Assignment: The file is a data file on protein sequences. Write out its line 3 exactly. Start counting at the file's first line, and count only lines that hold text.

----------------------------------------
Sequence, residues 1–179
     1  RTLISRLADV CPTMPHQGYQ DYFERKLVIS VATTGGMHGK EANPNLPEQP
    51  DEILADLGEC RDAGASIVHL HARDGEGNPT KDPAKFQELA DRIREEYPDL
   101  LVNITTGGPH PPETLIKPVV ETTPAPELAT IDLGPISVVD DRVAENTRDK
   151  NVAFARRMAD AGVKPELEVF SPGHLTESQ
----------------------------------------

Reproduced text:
    51  DEILADLGEC RDAGASIVHL HARDGEGNPT KDPAKFQELA DRIREEYPDL